'This is not a recreational drug. This is death': Record 1.7M fentanyl pills seized in Arizona
SCOTTSDALE, Ariz. - Scottsdale Police and federal officials have announced a record fentanyl bust in the Valley, with nearly 1.7 million pills being taken off the street.
Over the past two months, the Scottsdale DEA task force undertook an investigation involving the Sinaloa Cartel after there was a reported surge of fentanyl pills found in the area. A courier reportedly led them to all the pills, and the bust happened on Dec. 14.
Scottsdale Police Chief Jeff Walther said nearly 1.7 million fentanyl pills (360 pounds) were seized, with an estimated street value of $9 million. Officials say 40% of the pills contain a lethal dose.
All the drugs found in recent months, including the record-breaking amount this week, may have saved 700,000 lives, officials say.
"It also included 10 kilograms of powdered fentanyl and one pound of methamphetamine. The total estimated value of the drugs in front of you is $9 million," said Chief Walther.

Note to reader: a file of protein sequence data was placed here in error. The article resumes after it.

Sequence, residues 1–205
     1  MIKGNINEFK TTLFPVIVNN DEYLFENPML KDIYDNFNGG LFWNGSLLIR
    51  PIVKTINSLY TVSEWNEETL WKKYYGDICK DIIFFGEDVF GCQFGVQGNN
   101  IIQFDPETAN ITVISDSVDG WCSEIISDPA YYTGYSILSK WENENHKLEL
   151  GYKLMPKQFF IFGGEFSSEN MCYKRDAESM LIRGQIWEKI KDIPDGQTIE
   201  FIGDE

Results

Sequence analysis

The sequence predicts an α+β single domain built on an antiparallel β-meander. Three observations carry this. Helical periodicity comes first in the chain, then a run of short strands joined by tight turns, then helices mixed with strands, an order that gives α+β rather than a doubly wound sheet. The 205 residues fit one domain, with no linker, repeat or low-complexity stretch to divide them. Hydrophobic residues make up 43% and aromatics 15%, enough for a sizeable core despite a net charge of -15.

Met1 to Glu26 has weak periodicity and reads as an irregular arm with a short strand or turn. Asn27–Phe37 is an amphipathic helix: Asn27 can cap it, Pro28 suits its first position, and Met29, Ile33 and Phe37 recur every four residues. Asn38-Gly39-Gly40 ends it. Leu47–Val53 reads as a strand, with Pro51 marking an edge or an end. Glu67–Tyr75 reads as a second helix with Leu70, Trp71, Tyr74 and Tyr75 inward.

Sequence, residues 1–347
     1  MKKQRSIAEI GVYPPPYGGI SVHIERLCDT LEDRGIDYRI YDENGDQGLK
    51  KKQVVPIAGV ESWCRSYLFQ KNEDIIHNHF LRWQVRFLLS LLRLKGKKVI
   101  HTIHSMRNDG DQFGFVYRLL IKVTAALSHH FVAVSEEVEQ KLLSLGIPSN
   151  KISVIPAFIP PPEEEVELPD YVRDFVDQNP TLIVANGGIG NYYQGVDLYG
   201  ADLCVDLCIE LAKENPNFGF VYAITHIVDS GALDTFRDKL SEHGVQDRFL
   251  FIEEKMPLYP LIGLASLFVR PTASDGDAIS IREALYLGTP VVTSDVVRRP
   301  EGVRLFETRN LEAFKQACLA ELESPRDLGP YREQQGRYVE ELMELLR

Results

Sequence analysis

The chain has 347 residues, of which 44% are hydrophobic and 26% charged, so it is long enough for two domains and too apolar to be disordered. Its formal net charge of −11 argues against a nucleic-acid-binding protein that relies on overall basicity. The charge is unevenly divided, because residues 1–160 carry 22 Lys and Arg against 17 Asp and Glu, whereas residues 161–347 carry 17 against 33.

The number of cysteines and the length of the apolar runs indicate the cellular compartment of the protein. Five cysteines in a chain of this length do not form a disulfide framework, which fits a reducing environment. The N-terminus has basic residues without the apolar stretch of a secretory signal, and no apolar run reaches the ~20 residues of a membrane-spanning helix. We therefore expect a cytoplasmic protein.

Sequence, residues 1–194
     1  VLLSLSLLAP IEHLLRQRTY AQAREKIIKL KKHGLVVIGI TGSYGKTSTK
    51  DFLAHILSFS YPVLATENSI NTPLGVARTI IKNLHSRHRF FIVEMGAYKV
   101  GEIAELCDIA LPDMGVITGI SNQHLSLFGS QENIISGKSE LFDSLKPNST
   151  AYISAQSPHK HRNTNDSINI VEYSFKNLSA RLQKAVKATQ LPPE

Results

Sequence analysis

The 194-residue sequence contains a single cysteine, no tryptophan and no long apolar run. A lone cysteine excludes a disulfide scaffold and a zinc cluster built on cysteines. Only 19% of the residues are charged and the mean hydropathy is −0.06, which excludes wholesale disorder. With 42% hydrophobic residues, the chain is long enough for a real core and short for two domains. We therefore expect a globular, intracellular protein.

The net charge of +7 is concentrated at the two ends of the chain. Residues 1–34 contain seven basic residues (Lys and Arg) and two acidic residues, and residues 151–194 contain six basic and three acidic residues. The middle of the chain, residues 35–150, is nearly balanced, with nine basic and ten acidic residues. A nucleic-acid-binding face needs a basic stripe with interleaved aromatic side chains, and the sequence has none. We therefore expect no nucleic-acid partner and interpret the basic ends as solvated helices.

Just two milligrams of fentanyl can be a lethal dose.
Walther said, "The pills in front of you are death. These drugs in this form is what's driving our opioid crisis. Not just in Arizona, not just in this region, but across the country… This is not a recreational drug, this is death, and I think that's what we need to focus on."
The DEA has warned that Mexican cartels are mass-producing fake prescription pills lined with fentanyl with Arizona serving as a gateway for many of those drugs.
‘One pill can kill’
Shari Dukes knows what it is like to lose a loved one to an overdose.
Dukes' son, Ethan, died in 2019 at the age of 16 after taking a low-dose hydrocodone laced with fentanyl.
"It's life changing," Dukes said. "I was not the same person that I was before Ethan died. It has given me a pretty singular focus of living life and spreading messages that need to be spread."
Those messages include encourage and supporting other parents who have experienced loss, and offering advice for others on how to avoid such tragedy.
More resources: http://dea.gov/onepill
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